Andrea Langworthy's column: The cold reality
My husband, who had back surgery in October, is anxious to get back to work. My mother had a better word for it. “Antsy.”
“Why he wants to go out and kick tires with customers in this kind of weather is beyond me, “I told my daughter last week. I went on to tell her about the first winter I sold cars. A winter so cold that the only reason I got into auto sales at all was for the free car.
My then-husband and I had moved back from New Jersey two months before. His new position didn’t provide a company vehicle so the orange VW I had called mine became his. When I got a job at a nursery school 17 blocks from home, I told him, “You can drop me off on your way to work and I’ll walk home. It will be good for me.”
He gave me a look that said, “Are you crazy? It’s December. In Minnesota.”
The plan worked until the first week of January. A day so bitter I stopped at Tom Thumb to call and ask if he could come get me. The receptionist said he was out on calls and wasn’t expected back for hours.
By the time I got home, my hands were so stiff I had a hard time removing my mittens and unlacing my boots. “There’s got to be a better way to make money,” I told myself as I scanned the want-ads in the newspaper.
The rest is history. I was hired to sell cars, the first woman in the Twin Cities to do so.
During my interviews, I paid attention to how the men dressed. Suits and ties. Starched shirts. Shoes polished to a high gleam. I would need to wear suits, too, I told myself. And dresses suitable for a woman in the business world.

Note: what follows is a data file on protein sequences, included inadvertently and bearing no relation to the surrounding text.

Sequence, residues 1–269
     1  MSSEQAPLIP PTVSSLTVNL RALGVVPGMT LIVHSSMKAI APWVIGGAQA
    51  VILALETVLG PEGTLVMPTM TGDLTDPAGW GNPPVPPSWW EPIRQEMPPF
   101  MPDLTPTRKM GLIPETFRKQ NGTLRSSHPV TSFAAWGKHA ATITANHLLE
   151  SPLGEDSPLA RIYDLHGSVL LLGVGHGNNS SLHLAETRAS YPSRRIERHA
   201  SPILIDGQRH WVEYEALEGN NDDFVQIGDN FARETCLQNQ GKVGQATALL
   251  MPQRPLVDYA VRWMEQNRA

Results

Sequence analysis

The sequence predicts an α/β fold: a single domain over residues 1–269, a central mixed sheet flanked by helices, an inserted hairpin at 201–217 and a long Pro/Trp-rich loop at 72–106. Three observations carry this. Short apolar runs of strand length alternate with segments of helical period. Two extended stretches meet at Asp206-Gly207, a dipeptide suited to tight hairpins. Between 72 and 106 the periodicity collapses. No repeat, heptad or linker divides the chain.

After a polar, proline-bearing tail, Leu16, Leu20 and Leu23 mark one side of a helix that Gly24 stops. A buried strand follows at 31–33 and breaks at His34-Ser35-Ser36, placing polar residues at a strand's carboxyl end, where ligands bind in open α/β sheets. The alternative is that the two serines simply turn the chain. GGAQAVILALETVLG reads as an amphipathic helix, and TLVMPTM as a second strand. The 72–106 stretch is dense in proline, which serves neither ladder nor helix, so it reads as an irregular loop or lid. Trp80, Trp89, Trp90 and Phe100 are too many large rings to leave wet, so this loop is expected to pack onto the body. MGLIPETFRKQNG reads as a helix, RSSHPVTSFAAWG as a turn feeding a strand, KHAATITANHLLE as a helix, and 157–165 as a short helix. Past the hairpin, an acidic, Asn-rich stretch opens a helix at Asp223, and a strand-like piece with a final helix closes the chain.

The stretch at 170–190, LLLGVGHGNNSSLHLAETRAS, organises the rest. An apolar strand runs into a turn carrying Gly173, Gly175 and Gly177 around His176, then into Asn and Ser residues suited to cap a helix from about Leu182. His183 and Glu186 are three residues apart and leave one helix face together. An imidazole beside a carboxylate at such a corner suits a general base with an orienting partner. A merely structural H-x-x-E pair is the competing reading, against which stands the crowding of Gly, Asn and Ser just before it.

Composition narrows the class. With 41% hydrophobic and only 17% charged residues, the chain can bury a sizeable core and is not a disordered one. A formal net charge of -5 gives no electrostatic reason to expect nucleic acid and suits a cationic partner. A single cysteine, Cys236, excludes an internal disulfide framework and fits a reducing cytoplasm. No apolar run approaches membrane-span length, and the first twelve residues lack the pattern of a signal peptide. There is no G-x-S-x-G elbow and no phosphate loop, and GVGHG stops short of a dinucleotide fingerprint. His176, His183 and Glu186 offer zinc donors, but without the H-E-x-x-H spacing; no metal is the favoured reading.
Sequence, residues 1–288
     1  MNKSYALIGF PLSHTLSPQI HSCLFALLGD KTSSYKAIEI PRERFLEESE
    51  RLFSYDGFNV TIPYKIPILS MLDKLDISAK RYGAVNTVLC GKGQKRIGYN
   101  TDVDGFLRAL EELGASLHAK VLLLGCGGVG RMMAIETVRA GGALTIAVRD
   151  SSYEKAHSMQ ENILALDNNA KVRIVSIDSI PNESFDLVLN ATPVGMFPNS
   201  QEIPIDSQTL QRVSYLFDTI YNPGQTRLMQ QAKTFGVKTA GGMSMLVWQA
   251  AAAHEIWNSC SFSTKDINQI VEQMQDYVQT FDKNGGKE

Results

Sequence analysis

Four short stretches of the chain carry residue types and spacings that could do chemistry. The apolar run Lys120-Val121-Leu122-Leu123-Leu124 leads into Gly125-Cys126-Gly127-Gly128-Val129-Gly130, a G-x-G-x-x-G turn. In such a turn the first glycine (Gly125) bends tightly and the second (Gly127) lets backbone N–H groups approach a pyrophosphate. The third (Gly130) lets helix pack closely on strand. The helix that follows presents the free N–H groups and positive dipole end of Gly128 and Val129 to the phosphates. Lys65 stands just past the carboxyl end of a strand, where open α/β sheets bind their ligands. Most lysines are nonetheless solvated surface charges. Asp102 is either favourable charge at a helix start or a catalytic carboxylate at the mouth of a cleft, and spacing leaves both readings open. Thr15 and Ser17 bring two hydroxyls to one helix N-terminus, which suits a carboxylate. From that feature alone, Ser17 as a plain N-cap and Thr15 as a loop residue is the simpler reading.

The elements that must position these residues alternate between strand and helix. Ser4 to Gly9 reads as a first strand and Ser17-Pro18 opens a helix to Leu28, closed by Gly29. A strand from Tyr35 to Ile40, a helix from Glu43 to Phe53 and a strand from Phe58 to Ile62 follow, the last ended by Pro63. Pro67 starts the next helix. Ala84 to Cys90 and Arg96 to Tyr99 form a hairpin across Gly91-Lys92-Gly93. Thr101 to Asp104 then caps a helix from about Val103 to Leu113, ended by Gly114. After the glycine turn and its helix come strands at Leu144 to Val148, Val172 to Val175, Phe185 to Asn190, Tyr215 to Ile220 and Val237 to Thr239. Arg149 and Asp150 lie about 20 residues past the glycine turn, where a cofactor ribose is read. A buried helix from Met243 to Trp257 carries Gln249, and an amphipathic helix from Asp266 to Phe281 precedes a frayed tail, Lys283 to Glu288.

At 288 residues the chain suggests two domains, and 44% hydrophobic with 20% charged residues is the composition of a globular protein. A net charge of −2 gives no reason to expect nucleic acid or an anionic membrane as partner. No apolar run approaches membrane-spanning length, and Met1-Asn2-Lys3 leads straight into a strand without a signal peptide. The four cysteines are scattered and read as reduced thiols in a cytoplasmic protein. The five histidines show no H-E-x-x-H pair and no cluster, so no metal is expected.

It never dawned on me that I would have to go outside. What I was thinking? That I would be like one of the models at the auto show? Spinning round-and-round atop a display, pointing towards the newest model of Chevrolet?
I realized that wouldn’t be the case on my first day of training. The seasoned salespeople had overcoats hanging in their offices. Hats with ear flaps, too. Below them were black rubber boots; the kind that zipped over a pair of shoes to protect the shine.
There were no galoshes like that for women so I bought pretty leather boots with heels; knee-high so my legs would be warm when I wore a dress. As for a hat, with or without the ear flaps, there was no way I could pull on anything that would flatten the ’do I worked so hard on every morning.
I spent a lot of time in the cold that first winter. Walking between rows of vehicles and scraping windshields to find the stock number of one a customer wanted to check out. Standing in piles of snow at the storage lot while a potential buyer hemmed and hawed over color choices. Moving cars to retrieve one in the back for a test drive.
The next year, I bought warmer boots. Ear muffs, too. A thicker coat. Put them on my charge card, convinced I’d pay for them with the commission check generated by people buying cars for Christmas presents.
I waited 12 years to hear, “I want to buy a car for my wife this Christmas.” His name was Louis. But that’s another column. Watch for it, will you?